Old Crow Medicine Show: Methamphetamine
“There’s a war out there and it’s fought by poor white men”
I don’t know about where you come from, but over here in Finland drug addiction and drug problems have most often been (at least when I was a kid) described as a predominantly urban problem, something that’s plaguing the cities in particular, not the countryside and the small towns. I don’t know if the situation has changed, probably has, but that’s the implicit understanding I grew up with; and generalizing it to the rest of the world, via popular culture such as movies, books and music, tales of drug addiction usually took place in an urban setting.
Old Crow Medicine Show, a wonderfully old-timey country/folk/americana band from Nashville, Tennessee who still manage to sound modern and relevant today – somebody described them as a pre-war string band meets Nirvana, which sounds accurate to me – shake such conceptions as the above paragraph to smithereens with one striking song. With a distraught, almost pained, Bob Dylanesque-voice, the song takes the listener to a world of poverty and no hope of a better tomorrow, of a world that has changed too fast for the people stuck in the underbelly of it to keep up with the pace… “‘Cause when it’s either the mine or the Kentucky National Guard/I’d rather sell him a line than to be dying in the coal yard”. It’s a stark, striking and honest-sounding account of a disease crippling an already crippled part of society. From the opening verse where “The babies whine ’cause they can’t find nothing to eat/But mama she ain’t hungry no more/She’s waiting for a knock on the trailer door” to the end where you’re instructed “You better watch your back ’cause you just can’t trust a friend/And the method man is going to get you in the end”, it paints a dystopian vision of the rural working class.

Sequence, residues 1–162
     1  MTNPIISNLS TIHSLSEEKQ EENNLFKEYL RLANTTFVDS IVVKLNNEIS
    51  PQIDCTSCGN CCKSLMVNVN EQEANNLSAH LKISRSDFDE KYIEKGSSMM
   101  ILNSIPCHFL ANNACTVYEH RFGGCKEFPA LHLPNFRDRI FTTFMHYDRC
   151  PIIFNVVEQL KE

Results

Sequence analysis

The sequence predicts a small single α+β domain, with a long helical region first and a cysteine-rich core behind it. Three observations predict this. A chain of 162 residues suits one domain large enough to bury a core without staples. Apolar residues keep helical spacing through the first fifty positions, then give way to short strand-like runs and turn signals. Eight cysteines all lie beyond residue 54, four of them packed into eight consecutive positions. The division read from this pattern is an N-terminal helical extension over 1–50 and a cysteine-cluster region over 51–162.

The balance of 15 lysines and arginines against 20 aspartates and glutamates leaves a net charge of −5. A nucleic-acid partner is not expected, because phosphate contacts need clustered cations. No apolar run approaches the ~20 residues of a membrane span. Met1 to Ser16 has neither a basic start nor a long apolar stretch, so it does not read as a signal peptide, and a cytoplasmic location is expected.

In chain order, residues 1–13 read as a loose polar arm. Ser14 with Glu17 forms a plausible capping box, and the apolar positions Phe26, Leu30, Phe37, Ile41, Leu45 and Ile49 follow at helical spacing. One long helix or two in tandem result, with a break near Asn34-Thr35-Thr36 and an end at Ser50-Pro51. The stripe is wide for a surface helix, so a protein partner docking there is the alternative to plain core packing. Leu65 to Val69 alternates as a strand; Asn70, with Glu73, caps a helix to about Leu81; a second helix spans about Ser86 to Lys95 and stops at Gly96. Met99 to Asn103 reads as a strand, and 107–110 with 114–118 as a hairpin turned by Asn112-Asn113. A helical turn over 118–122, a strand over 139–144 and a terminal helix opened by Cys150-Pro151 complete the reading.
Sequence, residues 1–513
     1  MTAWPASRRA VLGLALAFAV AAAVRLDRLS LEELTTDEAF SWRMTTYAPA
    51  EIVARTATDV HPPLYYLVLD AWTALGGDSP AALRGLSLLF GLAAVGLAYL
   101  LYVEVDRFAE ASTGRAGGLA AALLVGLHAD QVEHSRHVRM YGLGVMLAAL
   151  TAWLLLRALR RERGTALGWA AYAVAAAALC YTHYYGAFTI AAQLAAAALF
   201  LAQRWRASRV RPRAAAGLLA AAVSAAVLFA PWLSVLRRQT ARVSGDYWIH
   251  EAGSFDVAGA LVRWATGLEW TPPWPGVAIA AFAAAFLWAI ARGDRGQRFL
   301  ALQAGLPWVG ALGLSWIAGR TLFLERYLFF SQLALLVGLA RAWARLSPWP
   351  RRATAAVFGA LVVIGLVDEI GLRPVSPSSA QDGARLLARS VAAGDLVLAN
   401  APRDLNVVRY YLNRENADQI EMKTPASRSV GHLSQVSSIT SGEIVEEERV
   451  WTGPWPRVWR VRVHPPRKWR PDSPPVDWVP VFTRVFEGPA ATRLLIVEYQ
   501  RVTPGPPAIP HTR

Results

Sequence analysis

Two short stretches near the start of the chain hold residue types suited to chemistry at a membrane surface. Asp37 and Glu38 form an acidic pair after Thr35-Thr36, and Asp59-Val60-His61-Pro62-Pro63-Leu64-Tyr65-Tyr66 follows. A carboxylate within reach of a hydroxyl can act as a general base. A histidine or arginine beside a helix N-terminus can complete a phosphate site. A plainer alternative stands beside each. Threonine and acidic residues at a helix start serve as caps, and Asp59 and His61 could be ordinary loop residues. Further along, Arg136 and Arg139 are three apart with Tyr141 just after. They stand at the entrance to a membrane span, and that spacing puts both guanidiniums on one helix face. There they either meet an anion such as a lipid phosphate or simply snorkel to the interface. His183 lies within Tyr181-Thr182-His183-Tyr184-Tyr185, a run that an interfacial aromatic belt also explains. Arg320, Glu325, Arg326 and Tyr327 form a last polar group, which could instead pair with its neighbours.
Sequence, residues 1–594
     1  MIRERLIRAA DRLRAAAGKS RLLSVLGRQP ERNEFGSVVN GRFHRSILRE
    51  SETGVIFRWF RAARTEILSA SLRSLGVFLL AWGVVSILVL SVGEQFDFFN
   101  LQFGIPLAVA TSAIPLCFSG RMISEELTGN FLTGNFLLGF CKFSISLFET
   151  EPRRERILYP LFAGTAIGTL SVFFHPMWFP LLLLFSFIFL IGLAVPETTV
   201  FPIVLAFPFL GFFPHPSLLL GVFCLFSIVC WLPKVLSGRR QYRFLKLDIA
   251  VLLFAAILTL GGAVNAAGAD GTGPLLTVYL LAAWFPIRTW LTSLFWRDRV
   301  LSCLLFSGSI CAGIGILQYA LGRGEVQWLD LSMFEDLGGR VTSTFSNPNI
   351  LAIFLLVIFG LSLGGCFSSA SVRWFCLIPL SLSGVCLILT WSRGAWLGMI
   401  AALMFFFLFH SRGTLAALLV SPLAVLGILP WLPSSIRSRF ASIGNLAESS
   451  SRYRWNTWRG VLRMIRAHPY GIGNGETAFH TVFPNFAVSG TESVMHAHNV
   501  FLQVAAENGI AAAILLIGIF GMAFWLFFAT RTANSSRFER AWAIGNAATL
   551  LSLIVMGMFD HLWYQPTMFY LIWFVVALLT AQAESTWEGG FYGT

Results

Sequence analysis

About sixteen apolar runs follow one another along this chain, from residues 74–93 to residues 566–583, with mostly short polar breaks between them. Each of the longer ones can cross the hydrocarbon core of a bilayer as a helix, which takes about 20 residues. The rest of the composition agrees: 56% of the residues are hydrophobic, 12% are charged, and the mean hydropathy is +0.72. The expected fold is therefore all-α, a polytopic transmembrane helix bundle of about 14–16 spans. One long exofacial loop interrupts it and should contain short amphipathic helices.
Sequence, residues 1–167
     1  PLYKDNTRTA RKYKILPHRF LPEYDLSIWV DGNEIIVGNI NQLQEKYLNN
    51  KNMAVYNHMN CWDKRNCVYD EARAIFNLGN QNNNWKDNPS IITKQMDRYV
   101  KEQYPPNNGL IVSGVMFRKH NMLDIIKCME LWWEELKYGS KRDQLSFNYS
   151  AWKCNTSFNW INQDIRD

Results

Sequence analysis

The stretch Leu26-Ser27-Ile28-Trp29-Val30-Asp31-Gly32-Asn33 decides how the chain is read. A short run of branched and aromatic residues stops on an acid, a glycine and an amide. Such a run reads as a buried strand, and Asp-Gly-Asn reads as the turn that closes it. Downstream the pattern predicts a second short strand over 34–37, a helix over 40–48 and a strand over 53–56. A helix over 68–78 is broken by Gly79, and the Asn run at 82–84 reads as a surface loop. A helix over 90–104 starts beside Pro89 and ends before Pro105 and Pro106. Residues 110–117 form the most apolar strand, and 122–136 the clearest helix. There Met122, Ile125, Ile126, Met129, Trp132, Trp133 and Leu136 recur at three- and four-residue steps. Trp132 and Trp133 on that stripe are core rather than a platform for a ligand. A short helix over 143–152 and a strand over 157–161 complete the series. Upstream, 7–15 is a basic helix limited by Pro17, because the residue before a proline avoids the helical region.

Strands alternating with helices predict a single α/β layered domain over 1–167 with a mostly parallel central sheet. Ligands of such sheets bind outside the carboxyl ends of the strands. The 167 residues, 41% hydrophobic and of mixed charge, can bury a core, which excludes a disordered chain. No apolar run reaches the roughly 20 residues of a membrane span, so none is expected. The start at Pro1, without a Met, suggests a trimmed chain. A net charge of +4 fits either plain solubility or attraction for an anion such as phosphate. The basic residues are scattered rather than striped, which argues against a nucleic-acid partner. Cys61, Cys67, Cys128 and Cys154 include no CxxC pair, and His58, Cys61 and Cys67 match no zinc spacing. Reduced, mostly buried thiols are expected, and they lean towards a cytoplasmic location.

There’s not much death mentioned in the song, but nobody who listens to the song and really takes it in can deny that the shadow of death looms in every line of the song, that this song is very much about death and dying; not just individual, corporeal death, but also the death of whole families, societies and maybe even a way of life. The imagery painted in the lyrics, combined with the delivery, are intensive and somehow immediately convincing and credible. Methamphetamine sounds like anthem to the sickly and tortured death of a stratum of society.
The method man is gonna get you in the end.